Knowing this, Joseph asked Pilate for permission to bury Christ’s body. Like Nicodemus, Joseph was a leader of the Jews who trusted in Christ as his Savior and was “looking for the kingdom of God.” As Mark says, Joseph’s request “took courage,” because it aligned him with Christ, an enemy of the state. But Joseph found freedom from his fear. By fixing his heart on Jesus’ death for him, Joseph was able to live courageously for Jesus. Considering Christ’s valiant love for you on the cross will make you bold for him, too.

Next, Mark offers the testimony of the centurion. When Pilate heard that Jesus had already died, he was surprised (Mark 15:44). The Greek literally rendered means “awestruck.” Why? Because death by crucifixion was designed to be slow. Even the word “excruciating” is taken from the Latin, ex cruciatus, or, “out of the cross.” Victims were left tied or nailed to their cross, exposed to the elements and wild beast, until they were overcome with exhaustion and expired. This process could sometimes last six days, so when Pilate heard that Christ perished in just six hours, he was astonished. Such a report needed to be verified. And so Pilate summoned the centurion who oversaw the crucifixion.

This centurion was a student of death. Taking life was his craft. He knew the signs. He ordered the spear plunged into Jesus’ side. He watched the blood and water gush from the wound. He looked on as Jesus breathed his last and lowered his head in death. He saw his chest stop rising. He saw Jesus wounds stop bleeding as his heart stopped beating. And when the centurion saw how Christ died, he concluded, “Truly this man was the Son of God” (Mark 15:39)! The centurion knew that Jesus truly died and that he truly died for him!  But do you? The only way for sinners to be reconciled to a holy God is to look to the atoning cross of Jesus and come to the centurion’s same conclusion: “truly this man was the Son of God!”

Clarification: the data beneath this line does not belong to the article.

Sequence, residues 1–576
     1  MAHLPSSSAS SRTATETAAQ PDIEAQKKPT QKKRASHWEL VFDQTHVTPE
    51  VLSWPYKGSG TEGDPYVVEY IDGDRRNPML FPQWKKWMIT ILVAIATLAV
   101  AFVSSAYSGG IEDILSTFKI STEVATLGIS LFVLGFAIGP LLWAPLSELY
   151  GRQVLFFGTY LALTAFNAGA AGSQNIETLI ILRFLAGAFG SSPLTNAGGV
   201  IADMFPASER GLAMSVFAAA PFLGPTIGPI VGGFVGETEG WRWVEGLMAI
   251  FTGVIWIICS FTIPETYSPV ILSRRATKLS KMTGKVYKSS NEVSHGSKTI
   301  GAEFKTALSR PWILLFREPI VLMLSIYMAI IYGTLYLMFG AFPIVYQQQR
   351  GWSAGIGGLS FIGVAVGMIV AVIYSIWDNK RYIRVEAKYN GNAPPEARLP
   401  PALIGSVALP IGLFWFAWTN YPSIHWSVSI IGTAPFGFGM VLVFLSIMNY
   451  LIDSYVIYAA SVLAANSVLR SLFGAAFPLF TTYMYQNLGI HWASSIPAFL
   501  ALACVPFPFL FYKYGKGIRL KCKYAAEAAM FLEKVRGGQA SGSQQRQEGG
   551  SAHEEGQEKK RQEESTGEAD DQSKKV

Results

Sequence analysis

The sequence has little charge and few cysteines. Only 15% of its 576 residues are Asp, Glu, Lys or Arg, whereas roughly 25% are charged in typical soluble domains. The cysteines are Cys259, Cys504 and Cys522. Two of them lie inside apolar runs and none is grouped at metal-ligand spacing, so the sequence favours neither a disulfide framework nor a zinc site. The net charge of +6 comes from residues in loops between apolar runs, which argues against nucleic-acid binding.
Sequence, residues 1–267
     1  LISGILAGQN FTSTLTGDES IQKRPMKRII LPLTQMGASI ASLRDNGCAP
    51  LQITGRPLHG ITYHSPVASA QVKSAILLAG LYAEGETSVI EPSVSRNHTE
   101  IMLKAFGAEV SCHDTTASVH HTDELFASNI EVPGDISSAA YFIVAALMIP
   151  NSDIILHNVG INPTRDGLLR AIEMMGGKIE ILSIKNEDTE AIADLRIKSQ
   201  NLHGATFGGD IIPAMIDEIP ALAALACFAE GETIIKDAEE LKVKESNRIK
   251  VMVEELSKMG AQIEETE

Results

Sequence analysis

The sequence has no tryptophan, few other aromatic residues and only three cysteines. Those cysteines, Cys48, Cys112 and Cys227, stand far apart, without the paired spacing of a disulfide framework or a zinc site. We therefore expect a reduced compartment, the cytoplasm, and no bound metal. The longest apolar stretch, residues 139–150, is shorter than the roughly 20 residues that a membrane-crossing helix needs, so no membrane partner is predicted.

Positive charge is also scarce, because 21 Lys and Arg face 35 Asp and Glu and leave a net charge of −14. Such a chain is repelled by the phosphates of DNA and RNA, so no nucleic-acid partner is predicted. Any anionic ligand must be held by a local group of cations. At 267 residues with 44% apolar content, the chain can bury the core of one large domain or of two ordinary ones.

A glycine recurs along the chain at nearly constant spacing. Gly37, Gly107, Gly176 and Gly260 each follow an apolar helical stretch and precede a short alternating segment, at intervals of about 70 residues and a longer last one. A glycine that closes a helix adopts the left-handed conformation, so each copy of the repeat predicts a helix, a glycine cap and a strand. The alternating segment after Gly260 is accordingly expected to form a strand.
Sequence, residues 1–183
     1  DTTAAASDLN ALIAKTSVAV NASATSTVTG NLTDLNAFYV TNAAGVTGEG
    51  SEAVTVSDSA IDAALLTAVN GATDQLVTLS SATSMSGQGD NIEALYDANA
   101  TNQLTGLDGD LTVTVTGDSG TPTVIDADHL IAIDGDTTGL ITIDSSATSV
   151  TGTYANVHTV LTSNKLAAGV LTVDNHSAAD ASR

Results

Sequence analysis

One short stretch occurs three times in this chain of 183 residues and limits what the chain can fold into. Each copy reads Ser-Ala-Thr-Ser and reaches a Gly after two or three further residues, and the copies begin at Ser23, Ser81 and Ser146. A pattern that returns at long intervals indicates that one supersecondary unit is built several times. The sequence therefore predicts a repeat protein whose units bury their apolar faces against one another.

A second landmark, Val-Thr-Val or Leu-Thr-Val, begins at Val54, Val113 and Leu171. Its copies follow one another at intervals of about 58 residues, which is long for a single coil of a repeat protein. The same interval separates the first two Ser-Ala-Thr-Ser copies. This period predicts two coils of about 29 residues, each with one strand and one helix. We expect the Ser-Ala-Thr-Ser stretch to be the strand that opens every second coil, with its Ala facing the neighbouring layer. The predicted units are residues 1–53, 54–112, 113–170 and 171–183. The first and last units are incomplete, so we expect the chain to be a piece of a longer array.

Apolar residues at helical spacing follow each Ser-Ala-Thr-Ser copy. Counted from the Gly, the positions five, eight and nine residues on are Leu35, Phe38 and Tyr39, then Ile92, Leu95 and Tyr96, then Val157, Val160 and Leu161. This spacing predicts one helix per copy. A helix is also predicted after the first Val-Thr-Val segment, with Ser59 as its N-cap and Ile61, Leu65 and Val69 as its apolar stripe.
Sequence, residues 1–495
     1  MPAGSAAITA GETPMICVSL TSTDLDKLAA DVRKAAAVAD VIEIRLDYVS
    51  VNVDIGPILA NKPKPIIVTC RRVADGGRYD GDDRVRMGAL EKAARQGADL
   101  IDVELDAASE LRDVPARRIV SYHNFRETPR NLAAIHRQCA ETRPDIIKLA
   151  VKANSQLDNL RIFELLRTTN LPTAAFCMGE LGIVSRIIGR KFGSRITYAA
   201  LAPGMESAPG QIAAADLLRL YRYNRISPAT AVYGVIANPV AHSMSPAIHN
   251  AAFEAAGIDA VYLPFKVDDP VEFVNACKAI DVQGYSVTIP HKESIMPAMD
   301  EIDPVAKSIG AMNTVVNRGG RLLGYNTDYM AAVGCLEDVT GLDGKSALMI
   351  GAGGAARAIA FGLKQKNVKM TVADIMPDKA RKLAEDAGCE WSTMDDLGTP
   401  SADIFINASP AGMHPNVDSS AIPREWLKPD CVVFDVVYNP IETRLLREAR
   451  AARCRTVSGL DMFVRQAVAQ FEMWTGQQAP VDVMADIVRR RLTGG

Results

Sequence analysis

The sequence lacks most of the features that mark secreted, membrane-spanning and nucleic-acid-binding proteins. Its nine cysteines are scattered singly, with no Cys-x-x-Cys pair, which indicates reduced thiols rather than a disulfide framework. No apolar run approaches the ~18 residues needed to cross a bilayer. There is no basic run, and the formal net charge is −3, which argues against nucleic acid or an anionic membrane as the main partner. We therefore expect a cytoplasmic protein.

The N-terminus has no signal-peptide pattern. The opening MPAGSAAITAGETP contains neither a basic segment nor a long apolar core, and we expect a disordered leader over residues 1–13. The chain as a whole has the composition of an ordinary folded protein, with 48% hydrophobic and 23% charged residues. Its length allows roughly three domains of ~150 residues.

But the third and final witnesses to the death of Jesus are the women, whom Mark mentions by name three times (Mark 15:40, 47 & 16:1). These women had accompanied Christ throughout his earthly ministry and were with him to the end. In a final act of devotion, they came early Sunday morning to anoint his body. Mark mentions three women: Mary Magdalene from whom Christ had driven seven demons; Mary the wife of Alpheus, the mother James the Lesser, an apostle of Christ; and Salome, an obscure disciple of Christ mentioned only by Mark.